Skip To Content

Spatial relationships in ArcGIS GeoAnalytics Server

The Join Features  tool allows you to join features in one layer based on their location relative to features in another layer. This is referred to as a spatial join. Along with a spatial join, Join Features also allows you to apply a temporal join and an attribute join. In defining the spatial join, there are a number of spatial relationships to select the point, polyline, or polygon features in one layer that exhibit the relationship of interest with the features in another layer.

For example, if you want to find out how many homes were affected by a recent flood, you can join the homes layer to the flood boundary with the spatial relationship Within.

Join and target layers

A spatial join involves matching features from the join layer to the target layer based on the features' relative spatial locations.

The following legend applies to all the examples in this topic:

  • Target features—Green
  • Join features—Purple
  • Target feature exhibits the selected spatial relationship with join feature—Red highlight

Spatial relationships in ArcGIS GeoAnalytics Server

It's important to understand that spatial relationships between features is that each type of geometry (point, polyline, and polygon) has an interior and a boundary. How two geometries' boundaries and interiors compare determine the spatial relationship they exhibit. The following image outlines the geometries, boundaries, and interiors of points, polylines, and polygons:

Boundaries and interiors of geometries used in spatial relationships for

The relationships supported in ArcGIS GeoAnalytics Server are Clementini, meaning a polygon boundary is separate from its interior and exterior.

Geometry types and supported relationships

The following table displays which spatial relationships are supported for a spatial join between geometries of a given type (for example, joining points to other points):

Spatial join (target to join feature) between:EqualsIntersectsContainsWithinCrossesTouchesOverlapsNear

Point and point

Check markCheck markCheck markCheck markCheck mark

Point and polyline

Check markCheck markCheck markCheck mark

Point and polygon

Check markCheck markCheck markCheck mark

Polyline and point

Check markCheck markCheck markCheck mark

Polyline and polyline

Check markCheck markCheck markCheck markCheck markCheck markCheck markCheck mark

Polyline and polygon

Check markCheck markCheck markCheck markCheck mark

Polygon and point

Check markCheck markCheck markCheck mark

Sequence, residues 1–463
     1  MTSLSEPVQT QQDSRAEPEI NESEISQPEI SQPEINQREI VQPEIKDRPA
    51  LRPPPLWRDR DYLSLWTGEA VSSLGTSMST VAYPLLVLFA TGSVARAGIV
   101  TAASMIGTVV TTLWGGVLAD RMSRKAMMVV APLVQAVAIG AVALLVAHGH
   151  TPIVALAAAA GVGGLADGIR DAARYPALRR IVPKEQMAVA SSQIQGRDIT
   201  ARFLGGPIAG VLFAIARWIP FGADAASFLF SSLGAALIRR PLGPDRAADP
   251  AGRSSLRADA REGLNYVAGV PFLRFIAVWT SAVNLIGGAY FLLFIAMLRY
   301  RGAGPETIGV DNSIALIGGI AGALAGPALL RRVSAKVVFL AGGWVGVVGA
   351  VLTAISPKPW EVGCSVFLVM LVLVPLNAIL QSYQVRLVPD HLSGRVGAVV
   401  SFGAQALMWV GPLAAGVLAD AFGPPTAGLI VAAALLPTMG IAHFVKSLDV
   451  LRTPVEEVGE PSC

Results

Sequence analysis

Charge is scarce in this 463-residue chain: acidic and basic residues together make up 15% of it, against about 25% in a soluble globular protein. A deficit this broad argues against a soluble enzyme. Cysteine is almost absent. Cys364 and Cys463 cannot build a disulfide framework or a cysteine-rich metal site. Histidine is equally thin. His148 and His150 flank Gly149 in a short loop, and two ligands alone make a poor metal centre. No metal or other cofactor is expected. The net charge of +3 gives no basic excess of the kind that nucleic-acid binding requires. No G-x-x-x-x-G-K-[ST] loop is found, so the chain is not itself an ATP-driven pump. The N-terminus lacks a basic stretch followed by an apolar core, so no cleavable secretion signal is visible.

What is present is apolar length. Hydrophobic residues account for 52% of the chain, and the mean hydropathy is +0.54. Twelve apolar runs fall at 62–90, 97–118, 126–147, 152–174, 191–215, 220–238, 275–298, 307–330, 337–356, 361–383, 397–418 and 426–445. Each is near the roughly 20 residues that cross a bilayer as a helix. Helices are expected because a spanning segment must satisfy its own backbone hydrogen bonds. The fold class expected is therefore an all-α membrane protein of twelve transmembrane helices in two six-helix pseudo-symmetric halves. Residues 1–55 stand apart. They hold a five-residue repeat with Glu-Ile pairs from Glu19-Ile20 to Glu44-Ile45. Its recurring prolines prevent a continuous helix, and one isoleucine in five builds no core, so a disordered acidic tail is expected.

Polygon and polyline

Check markCheck markCheck markCheck markCheck mark

Polygon and polygon

Check markCheck markCheck markCheck markCheck markCheck markCheck mark

Equals

A target feature is equal to a join feature if their interiors are identical and the geometry types are the same.

The target features in green are highlighted with red when they are equal to the purple features.

Spatial relationship type Equals

Intersects

A target feature intersects a join feature if it shares any portion of its geometry with the join feature. If a target feature contains, is within, crosses, touches, or overlaps a join feature, it is intersecting.

The target features in green are highlighted with red when they intersect the purple features.

Spatial relationship type Intersects

Contains

A target feature contains a join feature if the join feature is a subset of the target feature, with intersecting interiors. If the join feature is on the boundary and intersects the interior, the target feature contains the joined feature. If the join feature is only on the boundary (and not the interior), the target feature does not contain the joined feature.

This is the inverse of the operator Within.

The target features in green are highlighted with red when they contain the purple features.

Spatial relationship type Contains

Within

A target feature is within a join feature if it is completely inside the join feature. A feature is within if the intersection of the interiors is nonempty and the target feature is a subset of the join features. If there is no intersecting interior, the join feature is not within the target feature.

This is the inverse of the operator Contains.

The target features in green are highlighted with red when they are within the purple features.

Spatial relationship type Within

Crosses

Two polylines cross if their intersection contains only points, and at least one of the points of intersection is internal to both polylines. A polyline and polygon cross if a connected part of the polyline is partly inside and partly outside the polygon. A polyline and polygon cross if they share a polyline in common on the interior of the polygon, which is not equal to the entire polyline. The target and join features must be either polylines or polygons.

The target features in green are highlighted with red when they cross the purple features.

Spatial relationship type Crosses

Touches

A target feature touches a join feature if they have an intersecting vertex, but the features do not overlap.

Spatial relationship type Touches

Overlaps

Two geometries overlap if they are the same geometry type, and their intersection also has the same geometry type but the intersection is different from both of the original geometries.

Spatial relationship type Overlaps

Near

Conceptually, this operator buffers the target features using the specified distance and returns all the target features that intersect the join features with the buffer applied.

The target features in green, with a near distance buffer (light green), are highlighted with red when they are near the purple join features.

Spatial relationship type Near

Related topics